Texas Takes Action Against Cryptocurrency Schemes

September 21

Texas has been one of the more active US states in combating fraudulent ICOs and cryptocurrency scams.  Earlier this week it took three separate actions.

According to the Emergency Cease and Desist Order, Coins Miner Investment Ltd. manipulates its email solicitations to make them appear as if they came from Coinbase, a well-known San Francisco-based online cryptocurrency platform.  Ana Julia Lara, a person affiliated with Coins Miner, falsely claims to work at Coinbase as a cryptocurrency trader.  Coins Miner’s website makes numerous fraudulent misrepresentations to try to make its investment offering appear legitimate.  The company claims it is based in the United Kingdom, but it operates in the Russian city of Volgograd.  Coins Miner also misappropriated a video of a Fortune journalist to promote its offering. The video on the Coins Miner site shows the journalist discussing cryptocurrencies next to a superimposed Coins Miner logo but neither the journalist nor Fortune authorized the use of the video. The Coins Miner investments are securities under Texas law, but the offerings are not registered for sale in Texas, nor is Coins Miner nor Lara registered to sell securities.

The second action concerned DGBK Ltd., also known as DigitalBank, a Belize-based company that says it is developing a hack-proof device to store and transfer cryptocurrencies.  According to the Emergency Cease and Desist Order, DigitalBank is soliciting funds to develop a digital wallet for cryptocurrencies that can be opened using a person’s biometric data. The company is offering prospective investors both shares in the company and the opportunity to buy its own virtual currency, a digital token called DGBK. According to the company, investors who purchase the token now can earn a return of 1,900% once it is sold in an initial coin offering next year.  The company says it employs cybersecurity experts, blockchain and encryption engineers, and has the support of a major financial institution, but it is not naming or providing the background of most of them.  The investments DigitalBank is offering are securities regulated by Texas law, according to the order, but neither the company nor the principals named in the order are registered to sell securities in Texas.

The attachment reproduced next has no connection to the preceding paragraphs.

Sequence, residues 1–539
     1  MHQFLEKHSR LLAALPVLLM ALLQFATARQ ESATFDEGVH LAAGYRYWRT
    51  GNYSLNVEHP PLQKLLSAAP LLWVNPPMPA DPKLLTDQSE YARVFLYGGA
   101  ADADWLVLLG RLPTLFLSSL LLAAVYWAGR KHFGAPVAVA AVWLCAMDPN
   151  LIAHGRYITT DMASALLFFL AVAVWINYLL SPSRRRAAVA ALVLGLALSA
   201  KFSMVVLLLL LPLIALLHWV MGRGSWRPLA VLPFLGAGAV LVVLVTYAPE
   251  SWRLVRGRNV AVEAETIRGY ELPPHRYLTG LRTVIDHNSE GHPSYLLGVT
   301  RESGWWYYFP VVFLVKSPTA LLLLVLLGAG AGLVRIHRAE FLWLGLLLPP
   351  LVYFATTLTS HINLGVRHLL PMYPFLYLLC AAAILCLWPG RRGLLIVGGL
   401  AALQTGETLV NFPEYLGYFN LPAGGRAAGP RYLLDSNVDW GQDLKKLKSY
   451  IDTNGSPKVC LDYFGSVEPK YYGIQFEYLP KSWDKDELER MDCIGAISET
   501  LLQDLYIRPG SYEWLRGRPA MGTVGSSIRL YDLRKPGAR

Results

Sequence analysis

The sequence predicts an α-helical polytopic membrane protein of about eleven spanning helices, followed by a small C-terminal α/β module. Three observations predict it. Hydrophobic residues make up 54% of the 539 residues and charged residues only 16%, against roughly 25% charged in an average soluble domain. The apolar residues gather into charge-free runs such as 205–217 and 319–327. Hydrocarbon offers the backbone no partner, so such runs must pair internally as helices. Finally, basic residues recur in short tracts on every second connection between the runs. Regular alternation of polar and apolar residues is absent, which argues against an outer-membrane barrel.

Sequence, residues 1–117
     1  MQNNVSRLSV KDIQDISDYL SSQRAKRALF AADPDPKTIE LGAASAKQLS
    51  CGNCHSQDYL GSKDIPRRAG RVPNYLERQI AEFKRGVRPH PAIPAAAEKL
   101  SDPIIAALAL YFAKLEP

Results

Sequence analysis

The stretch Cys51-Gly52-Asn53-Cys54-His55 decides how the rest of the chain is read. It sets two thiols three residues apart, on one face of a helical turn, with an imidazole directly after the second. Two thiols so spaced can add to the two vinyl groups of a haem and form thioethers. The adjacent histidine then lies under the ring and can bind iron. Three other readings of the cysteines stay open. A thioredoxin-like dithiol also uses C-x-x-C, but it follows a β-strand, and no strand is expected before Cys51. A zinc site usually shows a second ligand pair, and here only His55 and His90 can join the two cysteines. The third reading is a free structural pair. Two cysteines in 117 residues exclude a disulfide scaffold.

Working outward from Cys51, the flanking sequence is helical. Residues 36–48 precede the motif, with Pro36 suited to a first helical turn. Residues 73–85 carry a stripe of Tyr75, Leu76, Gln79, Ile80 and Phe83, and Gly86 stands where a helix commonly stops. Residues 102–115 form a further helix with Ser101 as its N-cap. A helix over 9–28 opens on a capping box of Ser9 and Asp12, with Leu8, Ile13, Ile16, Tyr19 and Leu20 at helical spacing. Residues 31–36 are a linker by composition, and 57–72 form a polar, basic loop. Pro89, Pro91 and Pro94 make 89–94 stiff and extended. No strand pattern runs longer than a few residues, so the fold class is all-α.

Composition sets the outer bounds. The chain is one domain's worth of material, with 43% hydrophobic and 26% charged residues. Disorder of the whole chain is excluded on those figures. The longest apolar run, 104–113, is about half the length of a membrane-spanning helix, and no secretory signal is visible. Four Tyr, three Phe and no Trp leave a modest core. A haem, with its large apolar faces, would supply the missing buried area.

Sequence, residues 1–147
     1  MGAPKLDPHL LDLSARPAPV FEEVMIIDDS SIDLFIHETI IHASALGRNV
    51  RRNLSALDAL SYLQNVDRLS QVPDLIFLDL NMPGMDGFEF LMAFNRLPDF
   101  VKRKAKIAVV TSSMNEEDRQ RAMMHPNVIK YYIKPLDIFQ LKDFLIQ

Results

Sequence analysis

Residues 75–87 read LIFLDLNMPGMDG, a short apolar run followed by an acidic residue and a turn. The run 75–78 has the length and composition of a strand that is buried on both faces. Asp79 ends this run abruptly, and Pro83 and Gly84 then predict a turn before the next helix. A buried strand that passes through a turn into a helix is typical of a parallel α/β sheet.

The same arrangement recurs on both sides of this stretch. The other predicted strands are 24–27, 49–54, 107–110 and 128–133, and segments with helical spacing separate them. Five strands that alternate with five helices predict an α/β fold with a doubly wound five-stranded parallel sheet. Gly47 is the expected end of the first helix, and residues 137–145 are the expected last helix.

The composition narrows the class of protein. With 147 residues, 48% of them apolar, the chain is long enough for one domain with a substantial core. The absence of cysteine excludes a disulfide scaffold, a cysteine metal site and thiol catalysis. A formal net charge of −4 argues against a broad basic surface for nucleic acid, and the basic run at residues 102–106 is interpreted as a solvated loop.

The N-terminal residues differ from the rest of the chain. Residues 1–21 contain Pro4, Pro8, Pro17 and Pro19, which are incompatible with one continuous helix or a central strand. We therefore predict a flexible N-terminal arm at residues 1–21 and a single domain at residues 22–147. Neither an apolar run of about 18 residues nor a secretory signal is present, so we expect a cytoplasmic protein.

The third action concerned Ultimate Assets, which lists an address in Arlington, Mass. It is publishing online advertisements soliciting Texas residents for its cryptocurrency and foreign exchange trading program.   According to Emergency Cease and Desist Order, its scam is as follows.  Ultimate Assets is telling potential investors that an initial investment of $1,000 will turn into $10,000 in three weeks and that an initial investment in the trading program is fully guaranteed.  Its investment contract says, “a refund will be issued in cases where [the] investment could not yield profits.”  The investments being offered are securities under Texas law but the individuals named in the order, are violating the Texas Securities Act by offering securities investments without being registered with the Securities Commissioner.  Indeed, Ultimate Assets itself appears to be a phantom entity. It is not located at the address listed on its investment contract and the state of Massachusetts has no record of corporate filings by Ultimate Assets.

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David Zaslowsky has a degree in computer science and, before going to Yale Law School, was a computer programmer. He is currently the Chairman of the Litigation Department of the firm’s New York office. His practice focuses on international litigation and arbitration. He has been involved in cases in trial and appellate courts across the United States and before arbitral institutions around the world. Many of David’s cases, including some patent cases, have related to technology. Since 2008, David has been included in Chambers for his expertise in international arbitration.

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